Galleries abound, and their offerings are diverse, ranging from eclectic to more contemporary. The Old Market attracts locals and tourists alike and is relatively compact and well signposted for easy navigation.
3. The Durham Museum
In a spectacular Art Deco building, the huge Durham Museum is an urban renewal project that has shown tremendous results. Originally one of the nation's busiest train stations, the 1931 building was restored to its former glory in 1995 after an extensive renovation.
The museum showcases the history of the local area. One of the highlights is the Suzanne and Walter Scott Great Hall where the exhibits are showcased in the fully restored main hall featuring impressive Art Deco architecture.
Also of note are the Steam Locomotive Stations where the inner workings of this world-changing technology are showcased with hands-on displays. The Durham Museum is an easy stroll southwest from the Old Market area.
Address: 801 South 10th Street, Omaha, Nebraska
Official site: www.durhammuseum.org/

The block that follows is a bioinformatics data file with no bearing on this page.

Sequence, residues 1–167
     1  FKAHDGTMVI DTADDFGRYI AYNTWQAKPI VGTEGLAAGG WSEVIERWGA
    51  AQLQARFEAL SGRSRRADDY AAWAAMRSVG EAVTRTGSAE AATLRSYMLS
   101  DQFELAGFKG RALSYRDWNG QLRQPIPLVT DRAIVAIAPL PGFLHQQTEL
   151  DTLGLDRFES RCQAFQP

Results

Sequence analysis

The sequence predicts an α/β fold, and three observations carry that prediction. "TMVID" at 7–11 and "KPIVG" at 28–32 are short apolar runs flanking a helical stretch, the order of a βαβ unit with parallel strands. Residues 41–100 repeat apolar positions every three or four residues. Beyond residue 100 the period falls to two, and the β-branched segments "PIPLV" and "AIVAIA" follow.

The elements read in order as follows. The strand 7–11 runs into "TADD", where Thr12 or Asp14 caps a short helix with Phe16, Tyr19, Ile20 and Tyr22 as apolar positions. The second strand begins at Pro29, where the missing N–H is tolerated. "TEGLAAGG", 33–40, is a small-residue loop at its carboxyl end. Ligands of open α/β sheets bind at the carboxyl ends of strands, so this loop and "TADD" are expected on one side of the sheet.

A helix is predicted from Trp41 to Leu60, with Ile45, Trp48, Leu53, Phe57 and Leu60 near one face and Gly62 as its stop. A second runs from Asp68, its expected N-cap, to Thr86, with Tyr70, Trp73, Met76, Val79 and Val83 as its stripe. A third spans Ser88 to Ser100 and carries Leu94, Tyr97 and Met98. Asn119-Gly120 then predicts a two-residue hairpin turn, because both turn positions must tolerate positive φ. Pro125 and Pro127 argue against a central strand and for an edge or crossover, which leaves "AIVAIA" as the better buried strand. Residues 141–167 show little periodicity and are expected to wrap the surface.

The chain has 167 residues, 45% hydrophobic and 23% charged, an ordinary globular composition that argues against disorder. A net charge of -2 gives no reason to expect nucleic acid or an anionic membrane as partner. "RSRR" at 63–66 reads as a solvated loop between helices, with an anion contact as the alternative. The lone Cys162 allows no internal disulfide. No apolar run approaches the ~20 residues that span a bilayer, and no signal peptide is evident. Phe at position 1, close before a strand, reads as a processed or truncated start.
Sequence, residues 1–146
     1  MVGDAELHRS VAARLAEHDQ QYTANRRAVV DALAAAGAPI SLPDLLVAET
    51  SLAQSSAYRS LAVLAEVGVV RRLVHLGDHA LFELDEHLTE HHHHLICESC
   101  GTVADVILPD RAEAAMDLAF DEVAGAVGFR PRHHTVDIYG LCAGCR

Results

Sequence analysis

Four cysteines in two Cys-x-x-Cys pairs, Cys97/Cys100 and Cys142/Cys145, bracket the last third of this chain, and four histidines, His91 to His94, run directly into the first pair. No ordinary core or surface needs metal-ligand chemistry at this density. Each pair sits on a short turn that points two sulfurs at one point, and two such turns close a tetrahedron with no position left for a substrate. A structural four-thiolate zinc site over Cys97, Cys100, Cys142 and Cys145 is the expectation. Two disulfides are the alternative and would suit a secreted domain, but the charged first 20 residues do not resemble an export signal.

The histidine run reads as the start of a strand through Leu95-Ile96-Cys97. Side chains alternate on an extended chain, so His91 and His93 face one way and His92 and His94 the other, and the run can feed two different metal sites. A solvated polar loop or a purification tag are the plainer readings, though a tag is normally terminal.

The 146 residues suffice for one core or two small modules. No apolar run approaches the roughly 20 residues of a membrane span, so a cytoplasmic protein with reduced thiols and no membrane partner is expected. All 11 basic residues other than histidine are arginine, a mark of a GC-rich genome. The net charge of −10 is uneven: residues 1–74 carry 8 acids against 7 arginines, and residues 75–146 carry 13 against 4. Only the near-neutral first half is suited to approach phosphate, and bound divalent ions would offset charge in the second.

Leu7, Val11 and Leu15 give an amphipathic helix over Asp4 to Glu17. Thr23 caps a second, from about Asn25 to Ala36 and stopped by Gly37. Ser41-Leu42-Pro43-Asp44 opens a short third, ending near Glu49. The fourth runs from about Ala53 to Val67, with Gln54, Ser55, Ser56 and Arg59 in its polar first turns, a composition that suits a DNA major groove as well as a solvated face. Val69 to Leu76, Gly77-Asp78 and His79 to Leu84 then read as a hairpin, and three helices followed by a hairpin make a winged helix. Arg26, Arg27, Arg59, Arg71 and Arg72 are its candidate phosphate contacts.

4. First National's Spirit of Nebraska's Wilderness and Pioneer Courage Park Editor's Pick
This free attraction is one of the most unique permanent outdoor art installations in the nation. Made of bronze and stainless steel, it is one of the largest of its kind in the world.
Although the sculpture park is spread out over five city blocks, the installations are not adjacent. That said, it is easy to follow the flow from one piece to the next. The series shows a wagon train and pioneers making their way through hilly and muddy terrain, as well as a herd of bison and a flock of geese.
The meandering procession terminates at the First National Tower. Visitors can walk right up to and around the sculptures, which are 1.25 times life size.
5. Joslyn Art Museum
The Joslyn Art Museum was built in the late 1920s and opened in 1931 to great fanfare. It was a gift to the people of Omaha from Sarah Joslyn to commemorate her husband George.
The impressive exterior is clad in Etowah Fleuri marble, which shows a pink hue in the light, and the interior displays a mix of marbles from across Europe and Morocco. The Joslyn Museum is Nebraska's largest art museum, with notable collections of Baroque art and Greek pottery.
The museum is also known for its collection of works by Alfred Jacob Miller, Karl Bodmer, Charles Bird King, and Henry Inman.
Address: 2200 Dodge Street, Omaha, Nebraska